Crocodile on the Sandback really kicks off when strange kidnappings and suspicious ‘accidents’ happen around Evelyn.
The Curse of the Pharaohs (1981)
After Sir Henry Baskerville dies shortly after finding what appears to be a completely undisturbed royal tomb, his wife calls upon Radcliffe Emerson and his wife Amelia to continue the excavation.
The Curse of the Pharaohs follows as Amelia and Radcliffe uncover the suspicious circumstances that led to Sir Henry’s death.
The Mummy Case (1985)
With a cursed reputation, Radcliffe struggles to find work but is eventually given the opportunity to dig at the pyramids of Mazghuna, which turn out to be more like mounds of piled-up dirt than pyramids.
The Mummy Case follows a murder mystery case in Cairo, which involves Amelia and Radcliffe when a suspect appears in Mazghuna.
The Lion in the Valley (1986)
Amelia, Emerson, and their son are granted the opportunity to dig in a burial chamber in Dahshur, a site that holds huge amounts of potential.
The Lion in the Valley intensifies as misfortunes, curses, and the abduction of their child lead Amelia to her enemy, the Master Criminal.
The Deeds of the Disturber (1988)
Now in London, Amelia finds herself captivated by the British Museum, but not by the interesting exhibits. Amelia’s attention is caught by the strange murder of a night watchman who is found dead in the Mummy room.
The Deeds of the Disturber tackles supernaturalism, horror, and one big murder mystery that, if Amelia isn’t careful, may lead to another.
The Last Camel Died at Noon (1991)
Driven to Sudan under the promise of an interesting new archaeological site, Amelia and Radcliffe soon find themselves invested in a completely different mystery – the search for a missing African explorer and his young wife.
The Last Camel Died at Noon takes the two beloved characters through the harsh African desert and into captivity as they are taken prisoner in a lost city.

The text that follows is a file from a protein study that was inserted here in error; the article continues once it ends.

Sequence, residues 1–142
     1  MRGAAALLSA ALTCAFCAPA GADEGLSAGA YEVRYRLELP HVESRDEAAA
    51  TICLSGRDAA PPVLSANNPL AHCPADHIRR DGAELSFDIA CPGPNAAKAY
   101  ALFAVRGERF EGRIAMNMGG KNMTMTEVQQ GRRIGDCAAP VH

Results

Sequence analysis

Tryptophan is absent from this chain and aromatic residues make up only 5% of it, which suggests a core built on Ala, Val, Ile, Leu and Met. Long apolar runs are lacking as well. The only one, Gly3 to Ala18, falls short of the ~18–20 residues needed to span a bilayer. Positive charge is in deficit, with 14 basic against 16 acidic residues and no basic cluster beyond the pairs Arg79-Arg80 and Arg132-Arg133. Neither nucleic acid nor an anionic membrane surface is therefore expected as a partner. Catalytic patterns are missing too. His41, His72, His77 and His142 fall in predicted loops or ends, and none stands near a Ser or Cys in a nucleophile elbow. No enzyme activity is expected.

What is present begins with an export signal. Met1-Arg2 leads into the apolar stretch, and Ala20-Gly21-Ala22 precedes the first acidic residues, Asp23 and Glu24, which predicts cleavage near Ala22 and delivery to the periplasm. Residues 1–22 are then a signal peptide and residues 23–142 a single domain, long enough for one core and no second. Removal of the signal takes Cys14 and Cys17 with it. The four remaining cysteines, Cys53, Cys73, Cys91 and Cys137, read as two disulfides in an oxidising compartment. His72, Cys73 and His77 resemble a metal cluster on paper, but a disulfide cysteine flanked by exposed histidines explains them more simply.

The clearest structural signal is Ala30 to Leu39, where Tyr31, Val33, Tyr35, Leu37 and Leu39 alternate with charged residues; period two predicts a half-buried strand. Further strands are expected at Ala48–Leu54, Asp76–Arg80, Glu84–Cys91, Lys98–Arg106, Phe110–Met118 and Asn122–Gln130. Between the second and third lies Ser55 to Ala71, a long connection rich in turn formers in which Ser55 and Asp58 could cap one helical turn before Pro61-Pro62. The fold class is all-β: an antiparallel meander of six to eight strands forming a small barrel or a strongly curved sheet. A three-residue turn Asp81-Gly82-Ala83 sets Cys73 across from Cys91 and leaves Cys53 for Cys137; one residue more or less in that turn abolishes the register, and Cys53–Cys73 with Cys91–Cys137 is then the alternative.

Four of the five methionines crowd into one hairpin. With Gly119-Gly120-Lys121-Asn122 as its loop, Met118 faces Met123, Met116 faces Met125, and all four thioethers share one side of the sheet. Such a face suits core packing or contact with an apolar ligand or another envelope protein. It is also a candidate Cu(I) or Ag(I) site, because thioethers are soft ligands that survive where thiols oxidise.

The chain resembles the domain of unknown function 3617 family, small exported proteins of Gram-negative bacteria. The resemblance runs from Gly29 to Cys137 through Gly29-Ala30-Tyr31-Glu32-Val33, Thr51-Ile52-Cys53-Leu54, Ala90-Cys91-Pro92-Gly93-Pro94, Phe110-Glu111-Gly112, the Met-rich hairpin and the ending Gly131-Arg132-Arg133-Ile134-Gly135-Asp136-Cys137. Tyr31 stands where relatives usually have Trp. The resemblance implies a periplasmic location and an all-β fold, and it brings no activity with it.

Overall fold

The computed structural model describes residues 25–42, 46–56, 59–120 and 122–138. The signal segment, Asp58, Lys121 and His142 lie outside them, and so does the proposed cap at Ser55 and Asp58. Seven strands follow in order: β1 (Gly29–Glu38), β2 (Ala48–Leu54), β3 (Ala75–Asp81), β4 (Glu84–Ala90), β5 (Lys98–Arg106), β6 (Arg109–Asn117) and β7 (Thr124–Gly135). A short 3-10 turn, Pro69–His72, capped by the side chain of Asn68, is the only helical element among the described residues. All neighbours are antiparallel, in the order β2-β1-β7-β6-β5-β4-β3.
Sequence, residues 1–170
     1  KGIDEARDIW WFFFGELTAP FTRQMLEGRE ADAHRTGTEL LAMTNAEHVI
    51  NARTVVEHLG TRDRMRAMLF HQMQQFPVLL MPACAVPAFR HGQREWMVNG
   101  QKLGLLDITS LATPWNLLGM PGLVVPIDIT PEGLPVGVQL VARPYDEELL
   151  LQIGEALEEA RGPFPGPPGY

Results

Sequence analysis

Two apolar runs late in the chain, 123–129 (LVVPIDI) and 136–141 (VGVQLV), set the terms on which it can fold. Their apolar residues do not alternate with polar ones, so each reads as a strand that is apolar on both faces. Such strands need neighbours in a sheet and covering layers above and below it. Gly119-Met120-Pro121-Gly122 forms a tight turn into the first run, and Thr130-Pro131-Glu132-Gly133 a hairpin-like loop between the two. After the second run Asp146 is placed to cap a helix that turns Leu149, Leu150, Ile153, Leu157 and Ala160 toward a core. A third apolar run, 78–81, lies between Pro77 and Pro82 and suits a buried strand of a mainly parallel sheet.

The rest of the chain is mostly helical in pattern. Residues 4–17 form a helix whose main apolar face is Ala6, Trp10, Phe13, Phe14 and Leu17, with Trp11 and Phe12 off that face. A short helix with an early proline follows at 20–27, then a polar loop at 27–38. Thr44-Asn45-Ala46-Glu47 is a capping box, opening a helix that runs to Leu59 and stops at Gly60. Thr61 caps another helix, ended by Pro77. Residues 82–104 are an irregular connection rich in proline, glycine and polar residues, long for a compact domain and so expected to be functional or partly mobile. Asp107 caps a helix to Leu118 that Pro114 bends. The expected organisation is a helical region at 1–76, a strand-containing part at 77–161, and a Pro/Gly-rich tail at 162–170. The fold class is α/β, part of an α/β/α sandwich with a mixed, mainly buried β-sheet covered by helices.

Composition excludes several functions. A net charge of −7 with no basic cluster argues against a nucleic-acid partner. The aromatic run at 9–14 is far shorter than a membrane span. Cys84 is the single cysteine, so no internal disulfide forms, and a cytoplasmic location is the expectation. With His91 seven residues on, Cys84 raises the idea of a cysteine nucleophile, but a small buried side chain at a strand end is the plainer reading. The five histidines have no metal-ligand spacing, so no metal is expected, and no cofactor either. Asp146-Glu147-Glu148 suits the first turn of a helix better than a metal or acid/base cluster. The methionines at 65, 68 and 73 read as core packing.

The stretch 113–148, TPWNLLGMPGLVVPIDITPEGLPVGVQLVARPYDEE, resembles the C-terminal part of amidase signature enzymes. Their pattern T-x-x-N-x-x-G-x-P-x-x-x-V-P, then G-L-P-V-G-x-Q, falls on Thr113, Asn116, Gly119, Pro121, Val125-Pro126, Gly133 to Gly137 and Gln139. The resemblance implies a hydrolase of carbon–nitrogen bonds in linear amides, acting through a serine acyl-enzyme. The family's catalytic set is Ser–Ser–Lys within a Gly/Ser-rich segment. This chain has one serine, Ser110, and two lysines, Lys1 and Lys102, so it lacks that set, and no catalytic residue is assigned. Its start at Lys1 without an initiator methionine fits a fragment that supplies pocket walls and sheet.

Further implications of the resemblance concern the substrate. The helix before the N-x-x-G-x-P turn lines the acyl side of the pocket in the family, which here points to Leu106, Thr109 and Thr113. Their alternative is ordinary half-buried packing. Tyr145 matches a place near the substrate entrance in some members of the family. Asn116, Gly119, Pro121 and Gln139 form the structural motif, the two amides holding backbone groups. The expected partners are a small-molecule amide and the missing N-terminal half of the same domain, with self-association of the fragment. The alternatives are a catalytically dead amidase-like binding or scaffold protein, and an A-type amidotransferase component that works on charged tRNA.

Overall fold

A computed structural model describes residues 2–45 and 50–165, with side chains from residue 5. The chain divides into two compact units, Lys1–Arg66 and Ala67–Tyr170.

The Snake, the Crocodile, and the Dog (1992)
During their search for Nefertiti’s tomb, Amelia and Radcliffe decide to take some time to relax on what becomes a second honeymoon. But what they don’t know is that danger lies just around the corner.
The Snake, the Crocodile, and the Dog centers around secrecy, as Amelia’s own secrets become her greatest danger.
The Hippopotamus Pool (1996)
When a stranger offers to guide Amelia and Radcliffe to a lost Egyptian queen’s tomb, the two can’t help themselves and follow with no hesitation. But when their guide mysteriously disappears, they’re left to their own devices.
The Hippopotamus Pool is a story of ancient curses, kidnappings, murder, and theft.
Seeing a Large Cat (1997)
It’s 1903, and Amelia and Radcliffe are now in Cairo. Filled with scandal, spiritualism, threats, dreams, and unknown enemies, Seeing a Large Cat may be Peters’ most innovative novel yet.
The Ape Who Guards the Balance (1998)
Delving further into antiquity, The Ape Who Guards the Balance follows as Amelia and Radcliffe’s excavations become more and more dull. As a result of Radcliffe’s behavior, the two have been left with the most boring tombs and cannot seem to find anything notable.
That is until an untouched papyrus of the famous Book of the Dead falls into their family’s hands and they soon get caught up in a spiral of magical spells, chants, and prayers that were used to repel evil in the ancient world.
The Falcon at the Portal (1999)
The Falcon at the Portal follows as Amelia is faced with her most personal dilemma yet. When her niece’s husband is accused of fraud, Amelia must decide whether or not he’s guilty, or just the bait for a higher boss.
As the mystery gets closer and closer to the center of the family, Amelia must try and solve the case before it throws her family into turmoil.
He Shall Thunder in the Sky (2000)
It’s now 1914 and the conflict that is causing chaos in Europe starts to make its way to Northern Africa. In Cairo for another dig, Amelia and Radcliffe must face the implications of the Turkish-German attack on the Suez Canal.
He Shall Thunder in the Sky is much more politically motivated and delves deeper into the characters and their philosophies.
Lord of the Silent (2001)
Cairo has now become an army camp, bustling with tomb robbers and enemies who are determined to disturb ancient sites.
Lord of the Silent follows Amelia as she escapes the chaos in Cairo for a quiet dig in Luxor. But when she finds a corpse in an ancient tomb, she edges closer to a new important discovery, but closer to perilous danger too.
The Golden One (2002)